Julian Hattem, also writing yesterday at The Hill’s RegWatch Blog, noted that, “A liberal advocacy group is making a push to get states and the federal government to require special labels on food containing ingredients that has been genetically modified.

MoveOn is planning events in at least 35 cities on Friday to urge lawmakers to require the disclaimers on food containing genetically modified organisms (GMOs).”


RFS- Renewable Fuel Standard

Wall Street Journal columnist Kimberley A. Strassel indicated today that, “For a glimpse at the secret, special-favors factory that Washington has become under President Obama, check out this week’s big news out of the Environmental Protection Agency. Or rather, look beyond the headlines to the corporate handout hidden within.

“The big news was that the EPA issued—finally—its infamous annual quota for renewable fuels.”

Ms. Strassel noted that, “The 89-page rule is dull reading, until you get to page 11. Tucked on that page is one short sentence, which reads: ‘EPA has approved a single small refinery/small refiner exemption for 2013, so an adjustment has been made to the standards to account for this exemption.’ In English: Of the nation’s 143 refineries, one (and only one) lucky player somehow had the pull to win itself a free pass from this government burden. Not only that, the rest of the industry gets to pick up its slack.”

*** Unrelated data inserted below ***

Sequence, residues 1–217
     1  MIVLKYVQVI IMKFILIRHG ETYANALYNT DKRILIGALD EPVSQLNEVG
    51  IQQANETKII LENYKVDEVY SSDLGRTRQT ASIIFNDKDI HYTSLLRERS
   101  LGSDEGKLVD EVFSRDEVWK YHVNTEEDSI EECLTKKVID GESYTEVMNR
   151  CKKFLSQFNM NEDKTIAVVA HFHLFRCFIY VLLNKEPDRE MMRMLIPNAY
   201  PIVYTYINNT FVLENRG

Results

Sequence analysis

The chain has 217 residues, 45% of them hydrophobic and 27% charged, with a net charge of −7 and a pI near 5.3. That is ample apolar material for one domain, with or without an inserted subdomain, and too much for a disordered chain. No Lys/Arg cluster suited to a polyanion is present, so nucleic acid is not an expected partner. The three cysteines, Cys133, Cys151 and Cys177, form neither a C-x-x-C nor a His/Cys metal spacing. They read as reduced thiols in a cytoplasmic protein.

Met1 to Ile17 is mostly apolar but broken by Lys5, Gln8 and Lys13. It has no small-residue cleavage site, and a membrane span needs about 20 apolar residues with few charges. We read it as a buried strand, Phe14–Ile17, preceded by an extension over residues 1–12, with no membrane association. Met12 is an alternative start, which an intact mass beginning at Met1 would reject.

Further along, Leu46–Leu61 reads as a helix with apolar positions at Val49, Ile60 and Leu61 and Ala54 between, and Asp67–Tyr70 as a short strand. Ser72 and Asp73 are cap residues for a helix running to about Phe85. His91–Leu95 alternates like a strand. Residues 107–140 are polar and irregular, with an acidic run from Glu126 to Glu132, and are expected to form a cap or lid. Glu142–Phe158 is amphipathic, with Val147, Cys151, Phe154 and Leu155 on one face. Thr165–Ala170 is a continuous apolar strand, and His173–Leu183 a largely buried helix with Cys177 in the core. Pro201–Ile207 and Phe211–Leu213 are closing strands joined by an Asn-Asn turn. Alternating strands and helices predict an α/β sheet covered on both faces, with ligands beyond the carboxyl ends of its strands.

Today’s column indicated that, “So who is the lucky dog? Who could make this happen? That’s the best part. The EPA won’t say. The agency not only refused to name the refinery in its rule, but also obscured certain numbers in the document to hide the beneficiary’s identity. An EPA press officer would not give me the name, citing ‘confidentiality restrictions.’…[W]ashington is rife with secret deals that reward select corporate players, and the numbers have only accelerated under this ‘most transparent’ of administrations. If the process by which the EPA issued this exemption was aboveboard, it should have no problem divulging details. Until that time, the public might fairly assume funny business.”


Agricultural Economy

Neena Rai reported yesterday at the Money Beat Blog (Wall Street Journal) that, “World food prices fell for the third consecutive month in July, driven by falling international prices for grains, white sugar and palm oil, according to data from the United Nations on Thursday.

Prices now stand nearly 13% below their all-time peak of February 2011.”

An update yesterday from the National Drought Mitigation Center stated that, “Drought continued to recede in many areas that have been plagued by long-term drought, but expanded in the far west during the week that ended August 6, according to the U.S. Drought Monitor.”